Previous reports have indicated that Windows "Blue" is supposed to enter the release-to-manufacturing phase (RTM) by June 7, and go retail in August. Like the recent Windows 8 upgrade promotion, this update is expected to cost around $40, offering enhancements and fixes to the current Windows 8 platform.
Microsoft's Windows Blue scheme reportedly aims to eliminate the platform jumps as seen with prior Windows versions by releasing yearly updates. Not only is this cheaper for the consumer, but makes new features more readily available and reduces the time from RTM to public release. The Office 360 subscription model does something similar by offering a continuously evolving product for a monthly or yearly fee.
ZDNet, basing information from multiple unnamed sources and Win8China, claims that Microsoft will offer a public "milestone preview" build before the Windows 8.1 update reaches its second RTM milestone. This preview will likely provide a few tweaks and enhancements to several apps to convince consumers into purchasing the full update later on.
According to reports, Windows 8.1, which seemingly moves the OS back into the incremental numbering system used in Windows 3.x, will include tweaks to the user experience, new dev-platform related nuggets, and new versions of Internet Explorer, Mail, Calendar, Bing and other integrated Modern UI apps. There may also be kernel and driver-level updates to help with mobile battery life and overall performance.
Win8China claims that Windows 8.1 will provide scalability improvements for apps listed in the Windows Store so that they're displayed correctly on screens of different sizes. The site also claims that the "Blue" OS refresh will actually be free for those who already own Windows 8, meaning it may cost $40 to Windows 7 and prior users as an upgrade for a limited time. That said, the update may only be free for Windows 8 users for a limited time as well.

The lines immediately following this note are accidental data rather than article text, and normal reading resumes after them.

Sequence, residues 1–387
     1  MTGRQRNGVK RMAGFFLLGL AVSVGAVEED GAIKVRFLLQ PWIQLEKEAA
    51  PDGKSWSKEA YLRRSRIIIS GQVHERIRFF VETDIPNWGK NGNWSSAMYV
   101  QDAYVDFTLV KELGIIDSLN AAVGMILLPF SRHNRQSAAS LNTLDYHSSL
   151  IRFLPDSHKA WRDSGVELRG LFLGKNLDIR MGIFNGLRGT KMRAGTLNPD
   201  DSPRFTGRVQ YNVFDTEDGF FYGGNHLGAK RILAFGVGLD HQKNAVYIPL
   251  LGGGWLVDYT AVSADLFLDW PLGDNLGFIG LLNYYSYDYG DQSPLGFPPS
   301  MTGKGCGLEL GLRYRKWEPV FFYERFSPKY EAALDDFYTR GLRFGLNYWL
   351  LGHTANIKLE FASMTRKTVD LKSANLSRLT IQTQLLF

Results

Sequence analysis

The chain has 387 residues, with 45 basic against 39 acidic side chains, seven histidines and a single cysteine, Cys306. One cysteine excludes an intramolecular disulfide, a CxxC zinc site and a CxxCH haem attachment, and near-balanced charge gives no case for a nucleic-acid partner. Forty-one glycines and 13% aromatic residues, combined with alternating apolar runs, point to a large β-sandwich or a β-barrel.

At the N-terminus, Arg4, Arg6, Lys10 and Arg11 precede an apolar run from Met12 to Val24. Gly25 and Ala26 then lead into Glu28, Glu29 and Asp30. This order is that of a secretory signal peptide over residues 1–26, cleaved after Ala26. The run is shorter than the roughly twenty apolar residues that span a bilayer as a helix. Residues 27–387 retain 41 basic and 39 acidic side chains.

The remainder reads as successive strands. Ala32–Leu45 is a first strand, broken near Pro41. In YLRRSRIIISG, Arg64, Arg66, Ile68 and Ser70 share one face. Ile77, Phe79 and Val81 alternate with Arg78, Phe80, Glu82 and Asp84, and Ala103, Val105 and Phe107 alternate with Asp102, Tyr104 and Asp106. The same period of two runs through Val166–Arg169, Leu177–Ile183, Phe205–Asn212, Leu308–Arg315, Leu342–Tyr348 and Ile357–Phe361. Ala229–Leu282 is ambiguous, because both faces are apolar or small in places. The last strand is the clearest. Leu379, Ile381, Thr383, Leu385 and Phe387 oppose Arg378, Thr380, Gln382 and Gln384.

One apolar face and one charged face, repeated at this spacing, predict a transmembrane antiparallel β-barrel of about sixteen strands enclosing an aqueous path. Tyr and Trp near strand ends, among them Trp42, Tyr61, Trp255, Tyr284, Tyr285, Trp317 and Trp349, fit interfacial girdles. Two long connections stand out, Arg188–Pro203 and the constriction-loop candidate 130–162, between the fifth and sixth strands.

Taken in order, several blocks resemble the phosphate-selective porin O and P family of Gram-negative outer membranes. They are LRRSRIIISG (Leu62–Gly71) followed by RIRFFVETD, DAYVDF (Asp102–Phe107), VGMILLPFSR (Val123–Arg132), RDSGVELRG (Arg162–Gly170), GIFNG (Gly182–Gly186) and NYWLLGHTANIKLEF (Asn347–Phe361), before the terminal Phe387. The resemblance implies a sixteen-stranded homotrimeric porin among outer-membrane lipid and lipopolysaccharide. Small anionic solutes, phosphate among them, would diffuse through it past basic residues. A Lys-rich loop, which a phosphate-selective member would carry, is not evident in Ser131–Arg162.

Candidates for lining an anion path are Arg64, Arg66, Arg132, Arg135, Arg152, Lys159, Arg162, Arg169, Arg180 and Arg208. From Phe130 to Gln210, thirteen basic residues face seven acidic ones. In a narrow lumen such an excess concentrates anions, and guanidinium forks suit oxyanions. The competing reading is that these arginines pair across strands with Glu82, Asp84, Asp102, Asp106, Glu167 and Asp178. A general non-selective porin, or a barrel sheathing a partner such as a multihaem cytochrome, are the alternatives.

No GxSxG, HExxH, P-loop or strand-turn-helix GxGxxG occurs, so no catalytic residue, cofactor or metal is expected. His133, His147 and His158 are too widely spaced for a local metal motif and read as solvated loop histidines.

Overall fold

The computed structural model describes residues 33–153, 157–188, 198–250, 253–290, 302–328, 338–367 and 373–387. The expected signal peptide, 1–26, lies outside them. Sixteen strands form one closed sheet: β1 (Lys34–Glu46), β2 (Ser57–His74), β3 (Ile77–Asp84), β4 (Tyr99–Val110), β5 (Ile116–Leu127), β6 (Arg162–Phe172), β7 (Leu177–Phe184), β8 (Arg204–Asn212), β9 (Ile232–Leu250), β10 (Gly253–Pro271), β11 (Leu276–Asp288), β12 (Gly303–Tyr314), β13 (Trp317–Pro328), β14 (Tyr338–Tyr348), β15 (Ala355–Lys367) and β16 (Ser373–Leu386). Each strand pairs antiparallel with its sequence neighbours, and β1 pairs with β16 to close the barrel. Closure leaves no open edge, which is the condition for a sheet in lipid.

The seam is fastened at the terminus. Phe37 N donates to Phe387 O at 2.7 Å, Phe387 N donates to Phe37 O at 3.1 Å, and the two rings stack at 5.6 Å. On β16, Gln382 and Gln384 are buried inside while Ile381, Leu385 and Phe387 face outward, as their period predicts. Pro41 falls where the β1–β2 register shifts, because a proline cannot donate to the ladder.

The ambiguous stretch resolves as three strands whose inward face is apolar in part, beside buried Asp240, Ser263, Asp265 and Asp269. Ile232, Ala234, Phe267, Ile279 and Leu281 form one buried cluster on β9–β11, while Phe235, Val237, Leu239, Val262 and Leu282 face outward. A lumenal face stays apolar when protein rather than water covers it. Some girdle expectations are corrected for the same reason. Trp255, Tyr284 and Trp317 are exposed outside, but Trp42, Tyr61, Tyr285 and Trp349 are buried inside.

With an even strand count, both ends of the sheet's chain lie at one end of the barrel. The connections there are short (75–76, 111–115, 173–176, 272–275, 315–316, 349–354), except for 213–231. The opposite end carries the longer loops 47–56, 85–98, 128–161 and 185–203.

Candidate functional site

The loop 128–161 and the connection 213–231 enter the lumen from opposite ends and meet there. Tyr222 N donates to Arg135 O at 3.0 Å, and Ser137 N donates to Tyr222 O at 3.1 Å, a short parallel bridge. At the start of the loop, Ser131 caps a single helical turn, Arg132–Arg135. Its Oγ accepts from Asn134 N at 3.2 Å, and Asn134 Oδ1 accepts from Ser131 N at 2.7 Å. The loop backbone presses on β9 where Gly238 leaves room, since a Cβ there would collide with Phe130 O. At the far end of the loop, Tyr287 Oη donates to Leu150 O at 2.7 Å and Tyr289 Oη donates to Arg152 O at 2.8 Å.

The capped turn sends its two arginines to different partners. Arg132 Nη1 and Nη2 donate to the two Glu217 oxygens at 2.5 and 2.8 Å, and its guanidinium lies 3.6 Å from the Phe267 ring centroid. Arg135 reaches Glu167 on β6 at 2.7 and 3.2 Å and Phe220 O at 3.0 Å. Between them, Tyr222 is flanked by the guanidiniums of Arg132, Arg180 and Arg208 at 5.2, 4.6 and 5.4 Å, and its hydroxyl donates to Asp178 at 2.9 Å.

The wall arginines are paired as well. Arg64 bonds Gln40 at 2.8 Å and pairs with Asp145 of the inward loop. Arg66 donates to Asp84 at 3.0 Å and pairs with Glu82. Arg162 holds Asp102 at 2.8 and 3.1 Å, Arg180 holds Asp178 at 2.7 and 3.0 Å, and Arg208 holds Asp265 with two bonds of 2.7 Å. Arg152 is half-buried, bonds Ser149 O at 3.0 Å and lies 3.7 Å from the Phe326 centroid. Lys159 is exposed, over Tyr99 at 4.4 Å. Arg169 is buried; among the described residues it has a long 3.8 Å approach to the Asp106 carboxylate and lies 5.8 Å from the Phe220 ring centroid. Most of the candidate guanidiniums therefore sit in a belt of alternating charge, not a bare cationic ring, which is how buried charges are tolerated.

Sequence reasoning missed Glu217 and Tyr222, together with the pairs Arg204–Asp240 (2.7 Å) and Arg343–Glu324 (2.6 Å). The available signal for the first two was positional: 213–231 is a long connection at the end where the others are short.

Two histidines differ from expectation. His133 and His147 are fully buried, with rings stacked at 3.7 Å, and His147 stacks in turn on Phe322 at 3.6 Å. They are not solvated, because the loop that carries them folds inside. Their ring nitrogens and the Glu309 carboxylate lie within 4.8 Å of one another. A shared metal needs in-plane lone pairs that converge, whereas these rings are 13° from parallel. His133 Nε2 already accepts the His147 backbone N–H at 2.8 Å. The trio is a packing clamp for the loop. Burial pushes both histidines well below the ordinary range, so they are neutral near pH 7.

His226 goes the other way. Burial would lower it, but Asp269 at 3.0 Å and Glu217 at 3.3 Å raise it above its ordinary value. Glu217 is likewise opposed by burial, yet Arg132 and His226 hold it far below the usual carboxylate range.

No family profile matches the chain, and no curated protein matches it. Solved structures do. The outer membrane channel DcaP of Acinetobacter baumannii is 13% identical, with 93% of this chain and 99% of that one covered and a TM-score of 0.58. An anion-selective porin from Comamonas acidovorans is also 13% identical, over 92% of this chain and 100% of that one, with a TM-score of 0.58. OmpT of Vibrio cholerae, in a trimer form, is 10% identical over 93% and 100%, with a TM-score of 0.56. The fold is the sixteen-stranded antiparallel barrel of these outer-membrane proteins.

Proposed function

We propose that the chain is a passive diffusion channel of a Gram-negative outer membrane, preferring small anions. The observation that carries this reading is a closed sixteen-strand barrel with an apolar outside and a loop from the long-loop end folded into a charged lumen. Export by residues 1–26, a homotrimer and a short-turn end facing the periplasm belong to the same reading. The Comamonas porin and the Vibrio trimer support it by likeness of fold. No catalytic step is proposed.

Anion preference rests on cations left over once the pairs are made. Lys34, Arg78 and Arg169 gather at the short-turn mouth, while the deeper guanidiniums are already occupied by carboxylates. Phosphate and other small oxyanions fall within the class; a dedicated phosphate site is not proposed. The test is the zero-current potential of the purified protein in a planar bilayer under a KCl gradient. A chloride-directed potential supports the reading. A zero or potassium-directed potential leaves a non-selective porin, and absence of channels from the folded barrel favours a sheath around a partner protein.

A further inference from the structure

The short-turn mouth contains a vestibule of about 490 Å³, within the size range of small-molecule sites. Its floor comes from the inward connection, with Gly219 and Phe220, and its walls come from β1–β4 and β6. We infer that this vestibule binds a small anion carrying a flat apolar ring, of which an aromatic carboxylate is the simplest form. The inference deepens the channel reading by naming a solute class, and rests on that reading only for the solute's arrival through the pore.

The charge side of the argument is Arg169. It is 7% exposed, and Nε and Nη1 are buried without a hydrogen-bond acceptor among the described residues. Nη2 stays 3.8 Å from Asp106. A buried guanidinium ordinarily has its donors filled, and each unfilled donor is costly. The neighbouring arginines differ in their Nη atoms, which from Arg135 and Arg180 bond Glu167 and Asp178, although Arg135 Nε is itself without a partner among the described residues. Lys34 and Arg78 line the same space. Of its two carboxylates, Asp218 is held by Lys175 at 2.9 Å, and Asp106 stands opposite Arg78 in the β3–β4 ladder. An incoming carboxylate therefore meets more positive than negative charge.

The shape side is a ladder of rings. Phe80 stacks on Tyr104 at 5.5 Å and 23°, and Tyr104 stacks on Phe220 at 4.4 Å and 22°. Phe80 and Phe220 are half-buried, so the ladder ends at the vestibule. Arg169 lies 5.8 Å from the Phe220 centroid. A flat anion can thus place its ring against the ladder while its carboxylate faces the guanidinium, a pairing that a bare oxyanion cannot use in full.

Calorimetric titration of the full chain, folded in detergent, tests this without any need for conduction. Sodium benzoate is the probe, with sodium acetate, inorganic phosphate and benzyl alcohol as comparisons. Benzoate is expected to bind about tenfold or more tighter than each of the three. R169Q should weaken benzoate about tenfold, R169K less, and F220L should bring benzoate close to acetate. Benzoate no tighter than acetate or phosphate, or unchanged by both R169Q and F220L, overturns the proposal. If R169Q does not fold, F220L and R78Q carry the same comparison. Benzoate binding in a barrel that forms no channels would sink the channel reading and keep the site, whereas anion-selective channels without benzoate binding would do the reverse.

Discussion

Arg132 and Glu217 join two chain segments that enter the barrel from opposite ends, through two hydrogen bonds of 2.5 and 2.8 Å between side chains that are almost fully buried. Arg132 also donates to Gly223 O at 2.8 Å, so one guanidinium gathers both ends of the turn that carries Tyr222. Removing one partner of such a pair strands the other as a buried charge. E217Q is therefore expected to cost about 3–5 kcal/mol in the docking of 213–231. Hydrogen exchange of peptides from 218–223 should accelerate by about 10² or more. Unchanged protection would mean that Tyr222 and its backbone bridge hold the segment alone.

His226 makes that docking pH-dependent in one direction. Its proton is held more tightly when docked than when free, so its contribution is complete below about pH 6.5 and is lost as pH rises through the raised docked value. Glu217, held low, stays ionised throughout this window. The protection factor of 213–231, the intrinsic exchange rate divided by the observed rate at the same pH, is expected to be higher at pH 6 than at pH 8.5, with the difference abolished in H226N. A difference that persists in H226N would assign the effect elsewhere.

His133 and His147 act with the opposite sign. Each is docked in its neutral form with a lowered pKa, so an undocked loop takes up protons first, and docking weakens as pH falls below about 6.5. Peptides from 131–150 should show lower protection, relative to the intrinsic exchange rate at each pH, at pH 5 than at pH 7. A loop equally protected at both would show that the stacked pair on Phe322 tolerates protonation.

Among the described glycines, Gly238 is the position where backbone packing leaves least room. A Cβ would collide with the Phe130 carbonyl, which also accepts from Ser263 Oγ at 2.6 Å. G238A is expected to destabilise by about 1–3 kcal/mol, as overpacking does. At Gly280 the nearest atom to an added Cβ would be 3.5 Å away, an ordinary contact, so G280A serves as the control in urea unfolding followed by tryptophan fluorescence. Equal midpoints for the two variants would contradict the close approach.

ZDNet reports that in addition to Windows 8 and Windows Phone 8, other Microsoft products scheduled to get this summer's "Blue" treatment include Windows Server, Outlook.com and SkyDrive. Skype will also likely get the "Blue" treatment this April as Microsoft begins to shut down Messenger and shove users over onto the newer, hipper VoIP client.
The report points out an interesting detail that seemingly backs up a recent rumor provided by Jefferies analyst Peter Misek. Unnamed sources claim that the Windows Phone "Blue" release is running later than the desktop version, meaning it may not be released until fall/winter 2013 or possibly 2014. Misek previously said that Microsoft's Surface phone, which features the "Blue" build, has been delayed.
"Our checks indicate that Amazon’s phone seems to have been delayed," he said. "Also the launch of the Surface phone from Microsoft has been pushed out."
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I hope Win 8.1 brings back the start button. The firing of the person who made the decision to eliminate it is a good sign that may very well happen.Reply
Also, allowing someone to choose during install if they wish to have the Metro UI or the normal desktop as their default would also be good. I don't think people hated Metro so much because of what it was, but because it was being forced on users as the default, and coupled with the loss of the Start button in desktop mode it gave people legitimate reason to complain as loud as they have.
wildkittenAlso, allowing someone to choose during install if they wish to have the Metro UI or the normal desktop as their default would also be good. I don't think people hated Metro so much because of what it was, but because it was being forced on users as the default, and coupled with the loss of the Start button in desktop mode it gave people legitimate reason to complain as loud as they have.Reply
They didn't give the choice to default to a DOS prompt when Windows 95 came out, and now you all can't live without a start menu. They have no reason in the world to put the start button back, because in 2 years everyone will adapt and it won't even be an issue anymore. The Internet idiot parade will have latched on to something new and inconsequential to hate for no good reason.